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STS-120 day 2 highlights

Flight Day 2 of Discovery's mission focused on heat shield inspections. This movie shows the day's highlights.

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STS-120 day 1 highlights

The highlights from shuttle Discovery's launch day are packaged into this movie.

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STS-118: Highlights

The STS-118 crew, including Barbara Morgan, narrates its mission highlights film and answers questions in this post-flight presentation.

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 Mission film

STS-120: Rollout to pad

Space shuttle Discovery rolls out of the Vehicle Assembly Building and travels to launch pad 39A for its STS-120 mission.

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Dawn leaves Earth

NASA's Dawn space probe launches aboard a Delta 2-Heavy rocket from Cape Canaveral to explore two worlds in the asteroid belt.

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Dawn: Launch preview

These briefings preview the launch and science objectives of NASA's Dawn asteroid orbiter.

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The drifting star
BY EMILY BALDWIN
ASTRONOMY NOW

Posted: April 16, 2008

By examining the ‘ringing’ of a planet-harboring star, a team of astronomers has shown that it has drifted away from its original birthplace, providing important information about the dynamics of our Milky Way and theories of star and planet formation.

Astronomers using the ESO telescopes already know that the yellow-orange star lota Horologii, located 56 light-years away in the Horologium constellation and belonging to the
‘Hyades stream’, a large number of stars that move in the same direction, harbors a planet more than twice the size of Jupiter. But until now, the secrets of the star's origin and evolution remained hidden. Using a technique called asteroseismology, which is similar to the way geologists monitor seismic waves generated by earthquakes that propagate through the Earth, but instead applied to the star, the astronomers can study the sound waves running through the star. “The star forms a sort of large, spherical bell,” says lead astronomer Sylvie Vauclair from the University of Toulouse, France.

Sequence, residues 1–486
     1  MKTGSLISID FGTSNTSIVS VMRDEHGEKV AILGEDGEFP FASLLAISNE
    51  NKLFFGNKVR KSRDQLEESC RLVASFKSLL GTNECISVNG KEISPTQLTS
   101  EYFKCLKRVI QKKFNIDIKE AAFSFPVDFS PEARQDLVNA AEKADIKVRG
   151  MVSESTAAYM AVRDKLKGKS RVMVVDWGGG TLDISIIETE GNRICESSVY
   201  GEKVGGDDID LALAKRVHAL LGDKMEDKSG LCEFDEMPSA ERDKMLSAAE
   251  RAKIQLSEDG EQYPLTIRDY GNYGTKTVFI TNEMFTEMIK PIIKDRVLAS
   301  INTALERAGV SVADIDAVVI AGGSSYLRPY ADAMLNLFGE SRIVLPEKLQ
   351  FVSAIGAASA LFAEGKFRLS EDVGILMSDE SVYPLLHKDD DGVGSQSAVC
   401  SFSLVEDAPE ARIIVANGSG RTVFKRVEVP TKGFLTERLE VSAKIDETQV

A graphical representation of resonating acoustic waves in the interior of a solar-like star. By recording the behaviour of the reflections, astronomers can deduce the interior properties of the star. Image: ESO.

The ‘ringing’ from this stellar musical instrument is translated into the physical conditions of the star’s interior by listening to the music using the aptly named HARP spectrograph which is mounted on the ESO 3.6 metre telescope at La Silla. Up to 25 different notes were identified in the study, corresponding to wave periods of 6.5 minutes, which allowed the astronomers to paint a very precise picture of lota Horologii: its temperature is 6150 degrees Kelvin, it has a mass 1.25 times that of the Sun and it is 625 million years old. In addition, it is over 50 percent more metal-rich than our Sun.

“Lota Horologii has the same metal abundance and age as the Hyades cluster and this cannot be a coincidence,” says Vauclair. The Hyades is an ensemble of 625 million year old stars that can be seen with the naked eye in the constellation of Taurus. The astronomers deduce, therefore, that the star lota Horologii must have formed together with the stars of the Hyades cluster but has since slowly drifted away to its present location 130 light years away from its original birthplace.

Not only do the results help to understand how the stellar traffic moves on the galactic highways of the Milky Way galaxy, but it also means that the amount of metals present in the star is due to the original cloud from which it formed and not because it engulfed planetary material later on. "The chicken and egg question of whether the star got planets because it is metal-rich, or whether it is metal-rich because it made planets that were swallowed up is at least answered in one case," says Vauclair.

 

 

 

 

 

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